WE SEEM TO be living in a time when people, Republican and Democrat, believe all facets of politics are imperfect. It’s just a fact; the people surveyed don’t expect any higher standard or any better to come of it. Yet, we can’t let our divisiveness threaten democracy.

Social scientist Arthur Brooks said there is a difference between anger and contempt. In his latest book, he wrote that anger is an emotion that occurs when we want to change someone’s behavior and we believe we can do so.

Contempt attempts to mock, shame and permanently exclude from relationships by belittling, humiliating and ignoring. Anger isn’t ruining our politics. Contempt, that dismissive attitude we hold against those who don’t share our views, is the bigger danger.

Contempt impairs our cognitive abilities and judgment, damages our self-esteem and makes us unhappy. Instead of having contempt for those we disagree with, we need to try and understand the world they live in. Think of them as equals, as family, not as inferior enemies.

Brooks is president of the American Enterprise Institute. He is calling for a reinvigorated Congress to move the American people back to a compromise-based politics and away from the “winner take all” system that’s rapidly embittering the country.

Whether they are liberal or conservative, most people have five moral intuitions: fairness, care for others, respect for authority, loyalty to one’s ideology and purity or sanctity. Brooks sees liberals embracing redistribution while conservatives favor merit.

The late Stephen Hawking once said “We are all different, but we share the same human spirit. Perhaps it’s human nature that we adapt and survive.”

For the sake of civility and the preservation of democracy, people need to meet in person, face to face. There is a problem with impersonal discussions taking place on social media, he wrote. We become tribal. We need interaction with people who hold different perspectives.

When something happens, get the facts before you make an assumption. Don’t jump to conclusions or rush to judgment, Truth matters and treating others the way you want to be treated will help you bypass getting into trouble with someone.

With today’s digitized and hyper-connected participatory democracy, we find ourselves debating mostly with people we don’t know and have no reason to respect. Contempt for these abstract people comes a lot easier than civility toward “flesh and blood” participants.

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POLITICS HAS always been a nasty, cutthroat sport. But unlike 20 years ago, one charismatic person with a cause can start a firestorm by going on a 24/7 news channel or social media and incite a revolution.

One has to wonder what our world will be like in five, 10 years if the current trend continues. While we’re constantly reminded of the political turmoil here in America, it isn’t limited to our country.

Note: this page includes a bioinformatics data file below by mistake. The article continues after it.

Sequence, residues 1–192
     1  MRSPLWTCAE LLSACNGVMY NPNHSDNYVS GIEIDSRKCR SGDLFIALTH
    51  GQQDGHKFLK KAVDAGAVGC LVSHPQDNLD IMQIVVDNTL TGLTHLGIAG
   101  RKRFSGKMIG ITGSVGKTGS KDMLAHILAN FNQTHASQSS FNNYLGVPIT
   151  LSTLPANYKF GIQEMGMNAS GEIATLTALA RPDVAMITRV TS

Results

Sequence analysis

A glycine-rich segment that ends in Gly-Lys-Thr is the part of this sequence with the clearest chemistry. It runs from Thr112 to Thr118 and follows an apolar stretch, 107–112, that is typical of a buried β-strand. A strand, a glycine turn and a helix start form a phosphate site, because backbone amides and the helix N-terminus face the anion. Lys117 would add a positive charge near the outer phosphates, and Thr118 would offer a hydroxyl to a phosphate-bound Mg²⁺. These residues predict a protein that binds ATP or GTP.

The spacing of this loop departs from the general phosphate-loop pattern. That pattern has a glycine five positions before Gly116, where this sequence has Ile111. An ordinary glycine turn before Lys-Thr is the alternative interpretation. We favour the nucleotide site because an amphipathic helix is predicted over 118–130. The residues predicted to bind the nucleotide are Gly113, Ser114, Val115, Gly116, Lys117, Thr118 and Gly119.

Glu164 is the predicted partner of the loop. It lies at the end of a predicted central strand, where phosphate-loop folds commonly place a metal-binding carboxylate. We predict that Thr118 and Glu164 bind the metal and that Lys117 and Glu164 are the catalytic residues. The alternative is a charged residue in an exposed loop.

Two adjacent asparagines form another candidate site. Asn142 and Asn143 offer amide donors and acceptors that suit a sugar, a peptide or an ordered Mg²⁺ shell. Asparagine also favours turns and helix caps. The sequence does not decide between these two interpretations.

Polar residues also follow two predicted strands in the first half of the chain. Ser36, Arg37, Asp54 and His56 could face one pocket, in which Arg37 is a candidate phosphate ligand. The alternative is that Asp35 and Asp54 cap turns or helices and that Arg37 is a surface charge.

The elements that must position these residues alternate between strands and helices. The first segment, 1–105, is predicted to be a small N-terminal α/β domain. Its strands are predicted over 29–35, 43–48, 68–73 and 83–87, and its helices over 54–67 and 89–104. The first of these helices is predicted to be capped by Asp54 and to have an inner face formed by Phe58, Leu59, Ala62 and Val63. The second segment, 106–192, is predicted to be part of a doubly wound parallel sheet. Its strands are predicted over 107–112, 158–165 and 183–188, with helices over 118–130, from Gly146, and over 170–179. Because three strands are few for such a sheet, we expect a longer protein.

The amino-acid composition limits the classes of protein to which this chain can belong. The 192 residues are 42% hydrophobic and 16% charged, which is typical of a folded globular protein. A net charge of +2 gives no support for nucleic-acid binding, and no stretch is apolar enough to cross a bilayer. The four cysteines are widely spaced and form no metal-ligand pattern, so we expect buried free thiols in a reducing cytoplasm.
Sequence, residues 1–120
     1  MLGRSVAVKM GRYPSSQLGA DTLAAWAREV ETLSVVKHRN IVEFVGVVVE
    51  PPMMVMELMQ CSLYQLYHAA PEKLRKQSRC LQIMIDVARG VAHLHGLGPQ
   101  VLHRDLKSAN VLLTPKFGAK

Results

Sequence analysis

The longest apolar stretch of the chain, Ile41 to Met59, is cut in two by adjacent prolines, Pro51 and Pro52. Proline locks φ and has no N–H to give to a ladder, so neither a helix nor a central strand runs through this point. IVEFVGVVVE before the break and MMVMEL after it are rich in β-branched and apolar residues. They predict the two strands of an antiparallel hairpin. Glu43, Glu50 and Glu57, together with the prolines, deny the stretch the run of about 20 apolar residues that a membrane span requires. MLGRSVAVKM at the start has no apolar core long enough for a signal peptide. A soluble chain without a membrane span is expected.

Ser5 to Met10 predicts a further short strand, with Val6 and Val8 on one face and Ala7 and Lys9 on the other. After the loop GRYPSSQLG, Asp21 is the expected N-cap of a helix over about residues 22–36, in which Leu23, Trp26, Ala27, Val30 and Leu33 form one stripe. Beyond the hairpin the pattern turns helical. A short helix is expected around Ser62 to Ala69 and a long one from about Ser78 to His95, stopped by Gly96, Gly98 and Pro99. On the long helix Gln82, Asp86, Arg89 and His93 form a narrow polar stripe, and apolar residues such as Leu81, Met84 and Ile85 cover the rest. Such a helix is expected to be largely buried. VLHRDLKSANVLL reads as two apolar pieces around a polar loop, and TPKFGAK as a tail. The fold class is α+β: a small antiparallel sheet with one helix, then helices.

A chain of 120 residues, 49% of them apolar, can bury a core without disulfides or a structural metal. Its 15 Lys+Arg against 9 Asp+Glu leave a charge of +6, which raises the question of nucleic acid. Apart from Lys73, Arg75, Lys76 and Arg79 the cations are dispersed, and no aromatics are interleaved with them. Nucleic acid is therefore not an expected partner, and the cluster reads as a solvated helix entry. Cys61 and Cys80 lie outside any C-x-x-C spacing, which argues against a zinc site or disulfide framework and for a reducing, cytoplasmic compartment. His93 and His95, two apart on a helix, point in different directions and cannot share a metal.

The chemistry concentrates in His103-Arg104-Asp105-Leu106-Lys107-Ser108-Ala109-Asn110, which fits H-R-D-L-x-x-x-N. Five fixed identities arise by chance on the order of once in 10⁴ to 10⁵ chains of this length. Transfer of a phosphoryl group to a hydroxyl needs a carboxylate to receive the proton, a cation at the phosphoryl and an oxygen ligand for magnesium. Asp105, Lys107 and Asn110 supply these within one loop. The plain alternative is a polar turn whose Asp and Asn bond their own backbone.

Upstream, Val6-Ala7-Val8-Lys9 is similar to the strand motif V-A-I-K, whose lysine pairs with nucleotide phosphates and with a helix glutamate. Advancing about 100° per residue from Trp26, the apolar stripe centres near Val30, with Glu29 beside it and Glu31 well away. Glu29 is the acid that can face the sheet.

How about in Canada where Prime Minister Justin Trudeau has been accused of trying to sway a judicial ruling? Of course, Trudeau has denied wrongdoing.

There are always going to be disagreements and anyone with a grievance can find a bully pulpit to make accusations and a faction that will rebel against whoever is currently in high office.

French President Emmanuel Macron is dealing with violent protests against a fuel-tax hike. There are escalating tensions nearly everywhere. How can America be expected to mediate those situations when our people are so prone to resisting authority?

Then, there is Israeli Prime Minister Benjamin Netanyahu who is facing bribery, breach of trust and fraud charges. He is up for re-election in April. Opponents seeking to oust Netanyahu want to raise suspicions and rile the voters, plant seeds of doubt because it is “win at all costs.”

How about the crisis in Venezuela? Opposition leader Juan Guaidó is challenging corrupt President Nicolás Maduro. Venezuela, a once rich country, is being destroyed by violence, unrest, chaos and economic problems. This hot mess will take a long time to end.

British Prime Minister Theresa May has her hands full with the Brexit separation from the European Union deal. Most of our European allies also are overwhelmed by political challenges. Then, you may be aware that India and Pakistan are flirting with nuclear war.

Would Americans want to trade our problems with those mentioned above? After two years of investigations, Democrats still haven’t found sufficient cause to impeach President Donald Trump, but they refuse to stop looking, regardless of the damage they are doing to democracy.

Despite comments from House Majority Leader Nancy Pelosi warning of overreach and investigation fatigue, members of her party have pressed ahead saying “Just because nothing is there doesn’t mean we should stop looking.”

It’s a case of reaching a conclusion before gathering the facts. The goal is to keep the political press writing about potential scandals and causing government gridlock until the 2020 general election.